Understanding Comics

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Visual Closure

A seminal work by Scott McCloud, Understanding Comics frames comic books as “Sequential Art” and shows their power, usefulness, and artistic significance. I just reread it from cover to cover. It was quick, I highly recommend it to anyone who works in visual media of any sort.

The argument isn’t quite as direct as Ways of Seeing, since Berger’s scope is much narrower and the split between words and images is given. But the value of Understanding Comics is that it isn’t just about funny books: the scope quite wide, dealing with “iconography” and representation on basic semantic levels. And the fact that it explains the artistic merit of the comic book as a medium means it is successful in double duty.

Pretty much every conceivable element of sequential art is covered in detail, from the flow of time and its representation to the emotive possibilities of line. To stress though – the most valuable part is that it isn’t just about comics, the ideas in Understanding Comics can be extended, by the perceptive reader to apply to all visual media, and to visual / language mixed-media.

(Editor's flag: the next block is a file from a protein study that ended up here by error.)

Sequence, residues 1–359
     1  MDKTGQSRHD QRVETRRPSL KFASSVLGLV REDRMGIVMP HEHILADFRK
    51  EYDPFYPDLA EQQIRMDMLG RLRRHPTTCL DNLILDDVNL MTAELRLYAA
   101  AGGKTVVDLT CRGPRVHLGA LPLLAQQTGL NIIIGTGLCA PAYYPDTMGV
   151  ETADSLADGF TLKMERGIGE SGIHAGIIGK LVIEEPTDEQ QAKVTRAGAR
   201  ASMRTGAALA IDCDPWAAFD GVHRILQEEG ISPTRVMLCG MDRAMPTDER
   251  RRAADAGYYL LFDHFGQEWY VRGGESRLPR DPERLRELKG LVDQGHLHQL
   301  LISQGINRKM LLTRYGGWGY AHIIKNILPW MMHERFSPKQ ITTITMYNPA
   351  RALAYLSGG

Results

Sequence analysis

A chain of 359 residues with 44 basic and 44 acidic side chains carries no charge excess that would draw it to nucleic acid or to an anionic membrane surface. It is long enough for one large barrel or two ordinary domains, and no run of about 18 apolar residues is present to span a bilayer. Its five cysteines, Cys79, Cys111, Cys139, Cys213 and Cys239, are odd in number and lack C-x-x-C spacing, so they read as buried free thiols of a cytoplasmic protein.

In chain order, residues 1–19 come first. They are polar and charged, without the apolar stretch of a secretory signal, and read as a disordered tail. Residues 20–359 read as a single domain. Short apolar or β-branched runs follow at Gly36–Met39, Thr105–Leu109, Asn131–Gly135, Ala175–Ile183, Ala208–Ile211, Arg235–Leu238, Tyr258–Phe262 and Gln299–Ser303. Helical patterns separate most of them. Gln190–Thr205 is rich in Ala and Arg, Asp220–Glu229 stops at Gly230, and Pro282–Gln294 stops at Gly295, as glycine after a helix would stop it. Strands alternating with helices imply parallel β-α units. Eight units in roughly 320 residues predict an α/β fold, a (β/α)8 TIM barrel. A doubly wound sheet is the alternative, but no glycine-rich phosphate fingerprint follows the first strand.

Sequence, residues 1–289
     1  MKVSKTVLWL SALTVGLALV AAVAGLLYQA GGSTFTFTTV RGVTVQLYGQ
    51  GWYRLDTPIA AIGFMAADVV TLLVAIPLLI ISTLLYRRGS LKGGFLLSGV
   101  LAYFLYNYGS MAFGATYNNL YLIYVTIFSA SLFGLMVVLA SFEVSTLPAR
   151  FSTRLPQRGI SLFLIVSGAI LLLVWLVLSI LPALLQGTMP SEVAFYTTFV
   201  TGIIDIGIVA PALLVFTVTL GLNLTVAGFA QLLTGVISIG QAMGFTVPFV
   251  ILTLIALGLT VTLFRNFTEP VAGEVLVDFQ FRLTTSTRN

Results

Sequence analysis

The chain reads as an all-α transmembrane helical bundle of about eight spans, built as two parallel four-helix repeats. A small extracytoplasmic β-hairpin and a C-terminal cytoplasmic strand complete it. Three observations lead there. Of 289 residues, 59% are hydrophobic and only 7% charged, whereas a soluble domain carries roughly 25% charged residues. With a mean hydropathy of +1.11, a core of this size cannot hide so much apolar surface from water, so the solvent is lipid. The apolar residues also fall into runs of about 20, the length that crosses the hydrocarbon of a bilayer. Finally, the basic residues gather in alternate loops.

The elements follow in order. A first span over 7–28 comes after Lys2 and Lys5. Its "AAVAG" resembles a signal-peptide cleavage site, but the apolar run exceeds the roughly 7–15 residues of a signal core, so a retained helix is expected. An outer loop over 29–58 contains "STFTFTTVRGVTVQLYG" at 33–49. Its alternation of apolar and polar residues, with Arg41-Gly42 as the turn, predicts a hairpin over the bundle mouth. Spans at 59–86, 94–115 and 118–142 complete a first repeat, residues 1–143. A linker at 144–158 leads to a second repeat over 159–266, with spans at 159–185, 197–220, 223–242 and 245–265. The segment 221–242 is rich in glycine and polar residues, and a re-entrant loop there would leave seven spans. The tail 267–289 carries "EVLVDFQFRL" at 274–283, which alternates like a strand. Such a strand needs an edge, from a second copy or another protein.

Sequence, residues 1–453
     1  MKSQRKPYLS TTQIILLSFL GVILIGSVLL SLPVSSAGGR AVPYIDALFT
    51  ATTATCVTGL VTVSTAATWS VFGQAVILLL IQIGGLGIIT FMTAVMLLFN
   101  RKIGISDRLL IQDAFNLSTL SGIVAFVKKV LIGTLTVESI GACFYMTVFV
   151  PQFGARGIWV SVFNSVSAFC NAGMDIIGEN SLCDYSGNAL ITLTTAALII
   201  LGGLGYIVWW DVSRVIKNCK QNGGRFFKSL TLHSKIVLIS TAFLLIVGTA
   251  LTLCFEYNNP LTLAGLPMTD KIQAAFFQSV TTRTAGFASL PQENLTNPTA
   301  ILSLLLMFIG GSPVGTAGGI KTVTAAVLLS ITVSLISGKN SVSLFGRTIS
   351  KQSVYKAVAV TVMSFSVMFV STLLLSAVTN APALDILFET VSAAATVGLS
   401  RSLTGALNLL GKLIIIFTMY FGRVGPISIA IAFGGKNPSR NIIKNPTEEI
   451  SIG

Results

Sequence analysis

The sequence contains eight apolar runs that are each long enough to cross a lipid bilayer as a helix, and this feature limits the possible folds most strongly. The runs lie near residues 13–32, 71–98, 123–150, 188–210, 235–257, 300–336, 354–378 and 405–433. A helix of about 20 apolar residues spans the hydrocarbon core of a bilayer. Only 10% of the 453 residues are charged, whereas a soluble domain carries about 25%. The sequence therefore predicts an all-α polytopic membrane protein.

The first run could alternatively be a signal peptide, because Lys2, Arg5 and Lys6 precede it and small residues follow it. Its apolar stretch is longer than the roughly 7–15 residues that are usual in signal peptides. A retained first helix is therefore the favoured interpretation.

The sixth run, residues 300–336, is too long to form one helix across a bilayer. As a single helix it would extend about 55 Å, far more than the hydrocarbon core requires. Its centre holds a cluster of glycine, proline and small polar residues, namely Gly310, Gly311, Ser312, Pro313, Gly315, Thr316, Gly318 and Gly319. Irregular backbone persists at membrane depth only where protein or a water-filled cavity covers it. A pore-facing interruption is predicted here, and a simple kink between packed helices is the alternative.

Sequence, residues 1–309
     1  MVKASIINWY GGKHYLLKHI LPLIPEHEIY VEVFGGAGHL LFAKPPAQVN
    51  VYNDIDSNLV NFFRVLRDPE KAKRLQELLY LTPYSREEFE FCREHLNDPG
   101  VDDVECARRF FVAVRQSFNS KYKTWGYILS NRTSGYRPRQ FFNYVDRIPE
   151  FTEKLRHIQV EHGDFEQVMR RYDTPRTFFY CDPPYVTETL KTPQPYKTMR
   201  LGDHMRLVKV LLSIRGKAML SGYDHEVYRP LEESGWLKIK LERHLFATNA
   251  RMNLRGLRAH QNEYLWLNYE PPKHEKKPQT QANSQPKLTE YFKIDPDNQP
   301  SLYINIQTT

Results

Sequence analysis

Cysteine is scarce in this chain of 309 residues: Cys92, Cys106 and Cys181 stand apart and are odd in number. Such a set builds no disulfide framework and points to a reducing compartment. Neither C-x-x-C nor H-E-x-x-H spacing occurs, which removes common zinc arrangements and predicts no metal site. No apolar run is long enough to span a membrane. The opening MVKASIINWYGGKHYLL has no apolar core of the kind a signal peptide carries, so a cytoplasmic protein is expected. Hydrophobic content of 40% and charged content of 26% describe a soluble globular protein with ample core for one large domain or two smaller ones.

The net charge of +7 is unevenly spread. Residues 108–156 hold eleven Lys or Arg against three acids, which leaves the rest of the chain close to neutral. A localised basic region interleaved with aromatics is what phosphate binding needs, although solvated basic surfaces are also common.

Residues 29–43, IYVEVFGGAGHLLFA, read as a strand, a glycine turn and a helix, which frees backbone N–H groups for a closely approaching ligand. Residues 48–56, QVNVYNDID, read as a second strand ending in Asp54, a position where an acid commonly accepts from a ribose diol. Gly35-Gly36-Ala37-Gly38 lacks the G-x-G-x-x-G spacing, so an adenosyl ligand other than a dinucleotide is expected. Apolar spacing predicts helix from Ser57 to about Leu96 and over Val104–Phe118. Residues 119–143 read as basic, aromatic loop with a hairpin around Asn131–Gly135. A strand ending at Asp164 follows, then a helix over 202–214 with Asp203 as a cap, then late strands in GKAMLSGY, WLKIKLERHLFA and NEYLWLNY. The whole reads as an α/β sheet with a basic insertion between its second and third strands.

One unsaid thing that is clear is the idea of the page as “virtual” space. This allows almost-infinitely flexible storytelling, and re-imagining of the possibilities of representation and narrative.

Even if you have never been a comic book fan – especially if you actively dislike the medium – read this.

If any book will show the true value of what is often (mistakenly) considered a “lowbrow” medium, Understanding Comics is that book.

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2 Comments

  1. […] in search of inspiration for the possibilities of the “Sequential Art” genre, I picked up his collaboration with Grant Morrison, Batman: Arkham Asylum. Billed on […]

  2. […] in search of inspiration for the possibilities of the “Sequential Art” genre, I picked up his collaboration with Grant Morrison, Batman: Arkham Asylum. Billed on […]


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